I must admit, what kept me from watching the Princess Bride for so long was my judging a movie by its cover. The devilish combination of the film’s title and its kiss-filled box art gave me the wrong impression of what this thing is actually about. Part of me always imagined the Princess Bride was a Nicholas Sparks story set in the 13th century, not the hilarious swashbuckling adventure story it truly is. Oh, how wrong I was.
The Princess Bride is a classic damsel in distress tale done with modern spin. It chronicles the adventure of Princess Buttercup (Robin Wright), and her love Westley (Carey Elwes). After heading off on his own for a trip, Westley goes missing for five years. Believing him dead, Buttercup becomes engaged against her will to the Prince Humperdink (Chris Sarandon). But ya know, not even death can stop true love and all that noise. It’s got monsters, fencing, evil princes and, yes, Andre the Giant, looking big and whatnot.
The plot isn’t really something unbelievably original. In fact, the whole damsel in distress idea has probably been told for at least the past millennium. Plus, this iteration doesn’t do anything new for the perception of women than the 1000 year old versions. However, that’s not really the point of the Princess Bride (though it would have been nice to see Buttercup effectively defend herself at least once); the film is really about making this old story enjoyable, fun and entertaining, and it certainly achieves this.
Humour is the greatest strength of the Princess Bride. Well-written, hilarious dialogue fills this movie at every turn; from Andre the Giant’s brutish buffoonery, to Inigo’s tendency of being honourable to a fault (“I promise I will not kill you until you reach the top”). The characters are the perfect vehicles for the film’s comedy, all of which are strongly written and designed, with the possible exception of Buttercup (Again, she was both physically and emotionally weak). The diverse and talented cast deliver some of the most memorable quotes in recent memory, many of which I recognized before I had ever watched the film: “Inconceivable!” and “You keep using that word. I do not think it means what you think it means.”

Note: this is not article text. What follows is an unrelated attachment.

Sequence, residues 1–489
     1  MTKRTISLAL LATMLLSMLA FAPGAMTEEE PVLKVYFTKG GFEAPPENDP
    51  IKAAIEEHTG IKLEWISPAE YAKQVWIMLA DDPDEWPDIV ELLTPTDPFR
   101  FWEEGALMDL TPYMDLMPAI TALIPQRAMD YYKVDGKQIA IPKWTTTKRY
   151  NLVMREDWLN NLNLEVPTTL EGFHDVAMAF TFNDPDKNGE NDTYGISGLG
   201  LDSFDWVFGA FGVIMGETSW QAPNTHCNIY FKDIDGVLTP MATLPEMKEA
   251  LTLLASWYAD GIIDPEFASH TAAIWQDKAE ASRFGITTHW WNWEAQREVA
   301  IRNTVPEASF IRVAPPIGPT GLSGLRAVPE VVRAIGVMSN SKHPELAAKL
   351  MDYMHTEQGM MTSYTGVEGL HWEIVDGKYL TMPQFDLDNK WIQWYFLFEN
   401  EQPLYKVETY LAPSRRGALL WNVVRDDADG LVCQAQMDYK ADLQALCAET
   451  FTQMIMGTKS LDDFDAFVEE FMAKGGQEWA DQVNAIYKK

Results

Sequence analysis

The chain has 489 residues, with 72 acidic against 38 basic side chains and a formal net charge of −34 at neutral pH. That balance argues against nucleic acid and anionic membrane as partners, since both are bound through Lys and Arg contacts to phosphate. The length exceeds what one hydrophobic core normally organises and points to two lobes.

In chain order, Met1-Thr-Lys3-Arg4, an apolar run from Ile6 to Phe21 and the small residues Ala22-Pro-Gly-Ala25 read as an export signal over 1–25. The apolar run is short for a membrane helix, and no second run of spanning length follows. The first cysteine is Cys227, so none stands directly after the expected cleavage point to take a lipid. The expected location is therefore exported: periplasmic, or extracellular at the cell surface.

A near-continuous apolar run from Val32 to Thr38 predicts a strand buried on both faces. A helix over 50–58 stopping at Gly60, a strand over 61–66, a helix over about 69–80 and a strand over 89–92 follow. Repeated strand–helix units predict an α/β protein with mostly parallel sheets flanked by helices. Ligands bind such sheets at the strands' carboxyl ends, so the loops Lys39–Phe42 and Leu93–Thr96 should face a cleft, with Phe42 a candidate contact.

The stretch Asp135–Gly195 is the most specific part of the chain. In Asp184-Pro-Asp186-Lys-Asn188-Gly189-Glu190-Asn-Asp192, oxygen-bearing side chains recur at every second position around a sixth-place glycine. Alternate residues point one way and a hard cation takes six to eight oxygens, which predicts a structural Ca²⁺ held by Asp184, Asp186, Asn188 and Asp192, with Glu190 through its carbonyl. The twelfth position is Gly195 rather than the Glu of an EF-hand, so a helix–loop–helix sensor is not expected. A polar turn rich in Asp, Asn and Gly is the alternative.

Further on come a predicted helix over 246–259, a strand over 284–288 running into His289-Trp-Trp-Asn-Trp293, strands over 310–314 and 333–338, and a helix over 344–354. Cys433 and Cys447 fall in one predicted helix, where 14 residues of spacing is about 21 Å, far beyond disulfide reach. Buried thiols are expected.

The beautiful vistas and sets of The Princess Bride create the film’s fairy tale atmosphere. Rolling hills, treacherous forests and intimidating castles populate this beautiful fantasy environment. While the characters speak of real world places (Australian poisons, for example), the world they inhabit, with its fire swamps and Cliffs of Insanity, is far from anywhere on this planet. This acts to both relate the audience to the world and distance it from us at the same time. As clliche as it sounds, at times, because the world is so flushed out and well created, I forgot I was even watching a film. I just became so involved with the characters and the world they inhabit I didn’t want to bother with my own.
Besides the whole Buttercup-is-submissive-and-lame thing, my complaints about the Princess Bride are minimal. At a few moments, my suspension of disbelief was broken by a few boneheaded moves by the characters (like the heroes hiding from guards on patrol, but when it’s time to leave they just get up and walk off without worrying about the guards anymore). There is also a noticeable reliance on deus ex machina, or random events to help solve the plot, near the end of the film, but I won’t go into it and ruin the movie.
If you’re looking for a magical ride of a film, I couldn’t recommend anything more than the Princess Bride. It evokes everything that made your childhood memorable, yet makes it fresh and funny for our old weathered souls. The comedy will keep you smiling, the sword fighting will keep you on the edge of your seat and the characters will make you fall in love with the world. Just don’t go looking for a feminist film revolution, that would be inconceivable!